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Ten Terrible Super Bowl Commercials

Heigh-ho! Heigh-ho! These super spots should fall off a cliff.

By Janie Campbell
|  Tuesday, Feb 1, 2011  |  Updated 1:10 PM EDT
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Ten Terrible Super Bowl Commercials

Ah, Super Bowl night: when America sits attentively for commercials, just to get its collective judgment on. Isn't it the best?

Sometimes, not so much. For every belching Budweiser frog, there's at least 10 others that leave us scratching our heads, disappointed, or just plain turned off. A clown drinking beer through its bottom? Unsubscribe! Long-dead Fred Astaire dancing with a vaccuum? Not on our watch, Dirt Devil!

And sometimes, there's a year like last, in which it seemed 97% of commercials feature men who refuse to wear pants. No one wants to look at that!

Here's the worst spot from last year, along with ten more that have boggled the mind.

Last Year's Worst: Taco Bell, "It Rocks" (2010)
We'd give this award to the leering tripe of GoDaddy.com, but they've already made the list. How disappointing is it that the company that gave America a taco-loving dog is now shoving a man who can't rap onto a soundstage to spit poorly about cinnamon twists? We didn't laugh or find ourselves slightly amused even once by this flat contrivance, but at least Taco Bell gets points for truth in advertising by using "the round mound of rebound" to hawk its artery-clogging fare.

10. Pepsi, "Forever Young" (2009)
Nostalgia's tricky, because if you get it wrong you just insult everyone old -- or discerning -- enough to know better. Pools to halfpipes, sepia to HD, lighters to cell phones, and everything's fine -- but Will.i.am, the guy responsible for "Boom Boom Pow," is no Bob Dylan, sirs, so you can take your can and shove it.

09. GoDaddy.com, "Shower" (2009)
Deep in our souls, we know all our platforms are run by frat boy college kids and really smart 12-year-olds. But we don't want to be reminded with sophomoric Internet porn humor, and we want more from Danica Patrick. More clothing, more dignity.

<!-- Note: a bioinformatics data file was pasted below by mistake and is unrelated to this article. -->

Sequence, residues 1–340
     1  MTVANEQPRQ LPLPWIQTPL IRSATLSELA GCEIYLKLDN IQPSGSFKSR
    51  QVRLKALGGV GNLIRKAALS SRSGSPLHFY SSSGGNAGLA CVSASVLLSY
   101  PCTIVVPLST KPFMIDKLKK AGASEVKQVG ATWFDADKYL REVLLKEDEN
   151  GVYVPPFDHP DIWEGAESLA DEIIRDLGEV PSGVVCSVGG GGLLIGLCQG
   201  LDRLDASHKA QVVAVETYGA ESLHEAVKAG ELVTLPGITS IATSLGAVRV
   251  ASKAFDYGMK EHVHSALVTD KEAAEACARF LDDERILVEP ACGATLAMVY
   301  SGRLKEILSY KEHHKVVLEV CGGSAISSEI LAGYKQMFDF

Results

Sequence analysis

08. Holiday Inn, "Class Reunion" (1997)
"It's amazing what changes you can make for a few thousand dollars. Imagine what Holiday Inn's will be like when we spend a billion." YOU MEAN MY HOTEL ROOM WILL BE A MAN? America wasn't quite ready to explain this one to their kids.

07. Hyundai, "Angry Bosses" (2009)
It may have been car of the year, but the spot was a lemon -- it's just a montage of angry bosses and embarassed employees, all leading up to the would-be catchphrase "Hyundai: Like 'Sunday.'" Turns out America doesn't really trust a car whose makers spend $3 million dollars on an uncomfortable pronunciation guide.

06. Apple, "Lemmings" (1984)
Looking to capitalize on the buzz from their game-changing, feel-good commercial from the year before, Apple took out newspaper ads telling Americans they'd be sorry if they went to the bathroom in the fourth quarter. Presumably they thought we'd like to turn off the game and watch slideshows of concentration camp victims as well, because this was a bit too dark. The response prompted Apple to take a 15-year break from the Super Bowl.

05. Dairy Council, "Cheese! Glorious Cheese!" (1986)
The 1986 Super Bowl is why America's fat. This dangerously catchy and insidious song entered the public's brain, attached itself, and demanded cheese, glorious cheese, on everything. Was the Dairy Council secretly backed by the Russians? WE SAY YES.

04. SalesGenie.com, "Pandas" (2008)
The only thing more disastrously culturally insensitive than this is commercial #1.

03. McDonald's, "McDLT Fantasy" (1986)
But soft! What ad through yonder TV breaks? 
It is for "meat," and everyone shortly died of plague.

This ad proved why romantic period pieces rarely succeed at selling beef patties.

02. Budweiser, "Budweiser In Space" (1986)
Telling the public if they don't ask for your product properly it will try to kill them from behind a super-futuristic stack of regular old televisions is certainly one way to try to sell it. It's just not the right one.

01. Just for Feet, "Kenyan Runner" (1999)
How this idea made it past the pitch stage is the single greatest mystery of the advertising age: a black Kenyan runner is hunted by white Americans in a Humvee, only to be drugged and laced into shoes he hates while unconscious. "No! No!" he screams when he wakes, trying to remove the very product the advertisement was meant to sell.

It was apalling, insensitive, and imperialist, something friendly shoe retail chain Just for Feet spent $7 million dollars to convey to 127 million potential customers  at once. They later sued the ad agency, Saatchi & Saatchi, for malpractice, but it wouldn't matter: Just for Feet filed for bankruptcy later that year.

Now that's a bad commercial.

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